Aldous Huxley and George Orwell were the two great dystopian visionaries of the twentieth century. Huxley, whose Brave New World came out nearly two decades before 1984, saw the ultimate controlled society as a product of the scientific control of humans. Orwell presented the control as much more visible and brutal. In Huxley’s version, there would be no need for a Thought Police because the thoughts would be so easily directed that no thoughts could move out of control. Orwell’s is a brutal, bare-bones totalitarianism; Huxley’s is the totalitarianism of total comfort.
The website lettersofnote has published an intriguing letter from Huxley to Orwell, in which the former praises the work of his fellow novelist, but claims his own version of the nightmare future is more realistic. Why brutalize a population when you can hypnotize them? I think there are elements of both novels in our contemporary society, but I think it may make more sense to take them as displaying tendencies in extreme forms, rather than as predictions of the future. Both saw the leaders of their respective dystopias as possessed of great cleverness, as well as power. They don’t seem to recognize the great part that sheer incompetence plays in human affairs.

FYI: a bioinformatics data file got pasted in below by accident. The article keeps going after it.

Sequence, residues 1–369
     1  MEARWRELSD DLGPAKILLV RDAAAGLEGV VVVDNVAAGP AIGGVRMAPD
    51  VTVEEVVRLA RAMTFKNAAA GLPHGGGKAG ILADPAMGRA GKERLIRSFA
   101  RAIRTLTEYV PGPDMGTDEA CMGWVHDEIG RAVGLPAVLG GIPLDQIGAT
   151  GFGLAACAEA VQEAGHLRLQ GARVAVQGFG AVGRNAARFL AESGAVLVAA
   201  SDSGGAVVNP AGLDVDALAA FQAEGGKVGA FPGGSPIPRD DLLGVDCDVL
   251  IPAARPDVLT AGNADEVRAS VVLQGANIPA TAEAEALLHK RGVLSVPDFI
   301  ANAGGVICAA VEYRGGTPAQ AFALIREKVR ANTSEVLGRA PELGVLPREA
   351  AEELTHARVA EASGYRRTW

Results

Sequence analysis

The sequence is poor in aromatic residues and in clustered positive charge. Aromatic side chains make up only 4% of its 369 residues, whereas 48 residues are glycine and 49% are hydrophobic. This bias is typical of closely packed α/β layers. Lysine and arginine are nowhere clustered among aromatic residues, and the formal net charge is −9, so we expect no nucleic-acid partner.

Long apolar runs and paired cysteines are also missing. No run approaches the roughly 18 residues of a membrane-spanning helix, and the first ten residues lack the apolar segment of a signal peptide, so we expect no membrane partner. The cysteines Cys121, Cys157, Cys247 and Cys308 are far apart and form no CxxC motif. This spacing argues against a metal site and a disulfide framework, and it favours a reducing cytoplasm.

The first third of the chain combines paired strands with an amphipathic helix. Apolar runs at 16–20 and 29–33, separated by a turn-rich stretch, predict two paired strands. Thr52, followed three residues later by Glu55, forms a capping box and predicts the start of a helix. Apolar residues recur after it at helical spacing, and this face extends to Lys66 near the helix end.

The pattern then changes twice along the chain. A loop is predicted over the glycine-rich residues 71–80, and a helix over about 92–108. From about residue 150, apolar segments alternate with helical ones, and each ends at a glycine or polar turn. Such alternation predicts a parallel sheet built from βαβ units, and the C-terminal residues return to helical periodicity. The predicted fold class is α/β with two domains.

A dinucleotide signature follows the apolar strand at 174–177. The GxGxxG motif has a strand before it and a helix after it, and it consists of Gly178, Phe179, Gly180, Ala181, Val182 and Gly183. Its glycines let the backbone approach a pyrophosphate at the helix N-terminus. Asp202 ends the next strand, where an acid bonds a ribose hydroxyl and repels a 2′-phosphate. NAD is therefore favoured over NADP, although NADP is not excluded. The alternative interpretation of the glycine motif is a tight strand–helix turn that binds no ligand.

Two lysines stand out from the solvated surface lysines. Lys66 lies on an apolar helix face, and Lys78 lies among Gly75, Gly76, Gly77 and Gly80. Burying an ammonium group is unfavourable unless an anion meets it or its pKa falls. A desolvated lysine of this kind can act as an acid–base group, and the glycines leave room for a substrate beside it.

In the past, I have often associated the Orwellian kind of ultimate dictatorship with the Soviet Union, which was undoubtedly the main model for 1984 (although, as I’ve noted elsewhere, Anthony Burgess argued it was really about post-war England). Huxley’s variety seemed to me much more the direction of the consumer societies of the West. But the Stalinist system of terrorism eventually gave way to jokes about the senility of Brezhnev, cynicisms within the USSR about its own ideology, and the project of Soviet Communism collapsed in economic and political failure. The Brave New World technique of social control has to be able to keep people drugged and happy, to maintain a society as a well-run laboratory. That may be, as Huxley says in the letter, a “less arduous and wasteful” way of governing than the 1984 method, but it requires that ruling elites have much greater command of technique and understanding of events than fallible humans actually possess. So I think that we may never reach either type of dystopia for the same reason we’ll never reach any type of utopia: none of us, including rulers and would-be rulers, really know what we’re doing as we stumble around on this planet.
The Moral Liberal Sociology Editor, Carl L. Bankston III is Professor of Sociology at Tulane University in New Orleans, LA. He is the author and co-author of a number of books and numerous articles published in academic journals. An incomplete list of his books includes: Growing Up American: How Vietnamese Children Adapt to Life in the United States (with Min Zhou, 1998), Blue Collar Bayou: Louisiana Cajuns in the New Economy of Ethnicity (with Jacques Henry, 2002), and A Troubled Dream: The Promise and Failure of School Desegregation in Louisiana (2002), Forced to Fail: The Paradox of School Desegregation (hardback, 2005; paperback, 2007), and Public Education – America’s Civil Religion: A Social History (2009) (all with Stephen J. Caldas). View Professor Bankston’s full bio, here. He blogs at Can These Bones Live?
Copyright © 2011 Carl L. Bankston III.